Candidate: I am a postdoctoral fellow in Dr. David Ginty's laboratory at Harvard Medical School. My research interests include using basic biomedical research to study the mechanisms of dysfunction in Autism Spectrum Disorders (ASD) and developing translational strategies for novel potential therapeutic approaches. I have used a range of mouse ASD genetic models combined with behavioral testing, anatomy, and synaptic analyses to define both the etiology of aberrant tactile sensitivity in ASD and the contribution of peripheral somatosensory neuron dysfunction to the expression of ASD-like traits (Orefice et al., Cell, 2016). Environment: Research will be conducted at Harvard Medical School (HMS) under the mentorship of Dr. Ginty, a leader in the field of somatosensory neurobiology. Dr. Ginty has an excellent mentorship record, with 13 of his past 14 postdoctoral fellows now in faculty positions at leading research universities. The co- sponsors, also at HMS, are all well-established scientists with excellent publication and training records in neuroscience and expertise in the techniques proposed in this training plan. Career Development: Training activities will include the mastery of electrophysiological techniques by performing experiments and attending workshops/courses, including an intensive 3-week `Ion Channels in Synaptic and Neural Circuit Physiology' course at Cold Spring Harbor. I will also attend scientific meetings focused on ASD and somatosensory biology. Third, I will acquire skills for applying basic research to potential therapeutic applications. Finally, I will hone skills required for managing an independent laboratory. Currently, I mentor two undergraduates and provide guidance to several graduate students for mentorship experience. Research Plan: My recent work revealed a locus of dysfunction underlying aberrant tactile perception in ASD that was surprisingly outside the brain. I found that developmental dysfunction of peripheral somatosensory neurons at their synapses within the spinal cord results in abnormal tactile processing and is a major contributor to anxiety-like behavior and social interaction deficits in adult Mecp2 and Gabrb3 mouse models of ASD. This application will utilize behavior, histology and electrophysiology to extend these preliminary findings in new basic research directions and toward the development of novel therapeutic strategies. During the K99 phase, I will determine whether peripheral somatosensory neuron deficits are a common cause of dysfunction in other models of ASD (Shank3, Fmr1) (Aim 1). Second, I will identify peripherally acting gene therapies and small molecule therapeutics to treat tactile hypersensitivity in ASD mouse models, with the goal of alleviating somatosensory, anxiety-like and social interaction deficits (Aim 2). The focus of the R00 phase will be to continue therapeutic development as started in Aim 2 and to use electrophysiology, anatomical tracing and in vivo imaging to understand how peripheral somatosensory dysfunction affects brain development and ultimately leads to anxiety-like behavior and social interaction deficits in ASD mouse models (Aim 3).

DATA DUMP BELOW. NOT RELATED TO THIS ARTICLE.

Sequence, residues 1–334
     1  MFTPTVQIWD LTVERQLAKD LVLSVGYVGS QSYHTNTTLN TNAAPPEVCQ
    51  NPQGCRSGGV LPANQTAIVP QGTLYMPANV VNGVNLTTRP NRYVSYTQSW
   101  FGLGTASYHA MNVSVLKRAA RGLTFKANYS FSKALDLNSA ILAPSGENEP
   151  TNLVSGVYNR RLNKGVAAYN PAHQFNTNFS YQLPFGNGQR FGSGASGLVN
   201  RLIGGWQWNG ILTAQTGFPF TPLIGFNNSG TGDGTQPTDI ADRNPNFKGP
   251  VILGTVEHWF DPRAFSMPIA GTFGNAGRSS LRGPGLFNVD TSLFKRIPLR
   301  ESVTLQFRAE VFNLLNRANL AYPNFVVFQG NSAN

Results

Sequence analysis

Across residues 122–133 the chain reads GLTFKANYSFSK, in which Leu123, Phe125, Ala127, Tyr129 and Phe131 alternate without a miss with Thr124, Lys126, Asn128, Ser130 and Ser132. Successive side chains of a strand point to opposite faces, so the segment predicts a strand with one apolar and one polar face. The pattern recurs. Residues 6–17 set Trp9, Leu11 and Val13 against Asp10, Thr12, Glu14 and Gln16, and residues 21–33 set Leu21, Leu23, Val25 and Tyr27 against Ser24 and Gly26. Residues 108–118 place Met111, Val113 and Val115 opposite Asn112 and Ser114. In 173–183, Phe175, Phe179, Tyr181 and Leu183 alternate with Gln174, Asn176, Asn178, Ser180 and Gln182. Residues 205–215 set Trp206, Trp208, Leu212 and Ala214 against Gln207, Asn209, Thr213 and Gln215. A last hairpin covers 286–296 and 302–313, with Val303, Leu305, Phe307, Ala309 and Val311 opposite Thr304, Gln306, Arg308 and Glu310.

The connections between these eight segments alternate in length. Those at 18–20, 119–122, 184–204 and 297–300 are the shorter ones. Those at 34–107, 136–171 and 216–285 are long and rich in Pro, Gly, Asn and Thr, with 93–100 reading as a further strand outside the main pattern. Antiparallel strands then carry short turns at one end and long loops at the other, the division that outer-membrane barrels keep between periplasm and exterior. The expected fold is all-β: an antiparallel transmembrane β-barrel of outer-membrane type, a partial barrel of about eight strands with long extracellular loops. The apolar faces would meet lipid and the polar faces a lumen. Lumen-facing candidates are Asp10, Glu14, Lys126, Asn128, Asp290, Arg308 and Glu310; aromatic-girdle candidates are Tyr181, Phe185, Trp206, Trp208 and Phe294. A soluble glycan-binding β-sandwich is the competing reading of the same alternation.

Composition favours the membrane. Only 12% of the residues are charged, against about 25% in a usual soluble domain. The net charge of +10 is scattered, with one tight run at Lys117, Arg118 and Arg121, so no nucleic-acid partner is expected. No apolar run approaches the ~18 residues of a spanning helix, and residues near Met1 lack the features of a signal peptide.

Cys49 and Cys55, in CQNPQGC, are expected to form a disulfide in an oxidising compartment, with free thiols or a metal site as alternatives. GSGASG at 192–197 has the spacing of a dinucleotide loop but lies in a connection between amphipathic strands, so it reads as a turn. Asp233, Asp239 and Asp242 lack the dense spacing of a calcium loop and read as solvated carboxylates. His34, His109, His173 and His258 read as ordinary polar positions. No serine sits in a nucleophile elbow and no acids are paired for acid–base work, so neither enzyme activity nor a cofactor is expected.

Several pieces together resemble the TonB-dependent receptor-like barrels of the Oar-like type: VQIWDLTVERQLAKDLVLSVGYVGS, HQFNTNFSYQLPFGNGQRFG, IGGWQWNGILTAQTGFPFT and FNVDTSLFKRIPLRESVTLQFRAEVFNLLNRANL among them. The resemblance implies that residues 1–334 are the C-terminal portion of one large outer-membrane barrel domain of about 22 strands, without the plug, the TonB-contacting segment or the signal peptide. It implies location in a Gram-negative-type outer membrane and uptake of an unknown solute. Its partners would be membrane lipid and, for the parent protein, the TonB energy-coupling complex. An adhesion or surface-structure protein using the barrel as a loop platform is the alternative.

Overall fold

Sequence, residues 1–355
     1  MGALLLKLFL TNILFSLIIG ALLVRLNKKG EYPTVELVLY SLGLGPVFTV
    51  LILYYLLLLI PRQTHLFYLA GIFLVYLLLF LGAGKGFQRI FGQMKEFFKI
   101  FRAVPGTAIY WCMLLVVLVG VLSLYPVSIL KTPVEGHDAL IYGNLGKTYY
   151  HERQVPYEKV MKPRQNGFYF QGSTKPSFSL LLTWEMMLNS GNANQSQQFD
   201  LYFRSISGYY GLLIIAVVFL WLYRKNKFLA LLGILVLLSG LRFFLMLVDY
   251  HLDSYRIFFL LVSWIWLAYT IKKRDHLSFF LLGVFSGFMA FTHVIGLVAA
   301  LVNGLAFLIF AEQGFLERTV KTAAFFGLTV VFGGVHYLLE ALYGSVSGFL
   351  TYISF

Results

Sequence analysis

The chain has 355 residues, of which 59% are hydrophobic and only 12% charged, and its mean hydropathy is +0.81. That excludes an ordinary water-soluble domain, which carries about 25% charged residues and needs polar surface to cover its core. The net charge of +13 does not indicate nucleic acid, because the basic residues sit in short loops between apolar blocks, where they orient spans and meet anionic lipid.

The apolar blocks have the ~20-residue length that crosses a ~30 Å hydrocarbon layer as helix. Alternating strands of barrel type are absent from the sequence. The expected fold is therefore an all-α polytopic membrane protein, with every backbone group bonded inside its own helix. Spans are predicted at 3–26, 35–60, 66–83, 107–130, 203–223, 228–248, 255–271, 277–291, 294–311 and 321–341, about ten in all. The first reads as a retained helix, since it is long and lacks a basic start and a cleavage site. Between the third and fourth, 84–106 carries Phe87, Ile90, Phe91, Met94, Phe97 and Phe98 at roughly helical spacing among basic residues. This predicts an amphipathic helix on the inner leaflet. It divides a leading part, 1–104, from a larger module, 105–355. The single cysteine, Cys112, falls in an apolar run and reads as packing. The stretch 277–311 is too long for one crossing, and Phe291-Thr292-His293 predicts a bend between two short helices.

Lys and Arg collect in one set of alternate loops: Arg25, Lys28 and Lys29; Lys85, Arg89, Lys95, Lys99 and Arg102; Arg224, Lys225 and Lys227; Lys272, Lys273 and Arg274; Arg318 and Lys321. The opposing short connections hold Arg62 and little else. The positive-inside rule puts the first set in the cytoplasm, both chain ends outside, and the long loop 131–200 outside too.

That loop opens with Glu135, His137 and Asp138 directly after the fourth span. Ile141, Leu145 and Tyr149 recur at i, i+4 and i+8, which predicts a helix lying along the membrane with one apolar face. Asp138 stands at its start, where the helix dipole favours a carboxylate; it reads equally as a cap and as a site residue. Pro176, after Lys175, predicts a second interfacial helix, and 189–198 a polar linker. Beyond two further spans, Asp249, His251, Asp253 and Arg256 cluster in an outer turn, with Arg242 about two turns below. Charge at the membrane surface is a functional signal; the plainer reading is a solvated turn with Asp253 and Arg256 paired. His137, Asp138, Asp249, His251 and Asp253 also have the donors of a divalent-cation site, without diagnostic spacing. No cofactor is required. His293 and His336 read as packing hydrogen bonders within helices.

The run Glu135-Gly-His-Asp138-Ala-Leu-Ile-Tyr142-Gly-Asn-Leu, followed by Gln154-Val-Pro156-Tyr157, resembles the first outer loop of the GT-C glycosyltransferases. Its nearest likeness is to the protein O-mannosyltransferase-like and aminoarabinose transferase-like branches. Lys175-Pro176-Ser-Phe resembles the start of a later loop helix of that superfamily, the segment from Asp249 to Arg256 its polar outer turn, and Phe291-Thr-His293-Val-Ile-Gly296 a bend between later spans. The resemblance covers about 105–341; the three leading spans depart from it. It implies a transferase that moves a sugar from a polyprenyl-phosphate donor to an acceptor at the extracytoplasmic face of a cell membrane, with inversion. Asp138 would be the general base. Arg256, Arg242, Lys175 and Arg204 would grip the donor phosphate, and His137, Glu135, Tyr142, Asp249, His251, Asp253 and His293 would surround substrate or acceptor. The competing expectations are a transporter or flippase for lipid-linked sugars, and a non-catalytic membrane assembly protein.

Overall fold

Autism spectrum disorders (ASD) are a highly prevalent (1 in 68 children) class of neurodevelopmental disorders characterized by impairments in social communication and interactions, restricted/repetitive behaviors and abnormal responses to sensory stimuli. The goal of this proposal is to elucidate how the peripheral somatosensory system and spinal cord processing of sensory information are affected in ASD. Because of the relative ease of accessibility of the peripheral nervous system, insights gleaned from our proposed studies may lead to opportunities for therapeutic approaches for the treatment of hypersensitivity or aversion to social touch, as well as the abnormal development of social behaviors and nervous system function in ASD.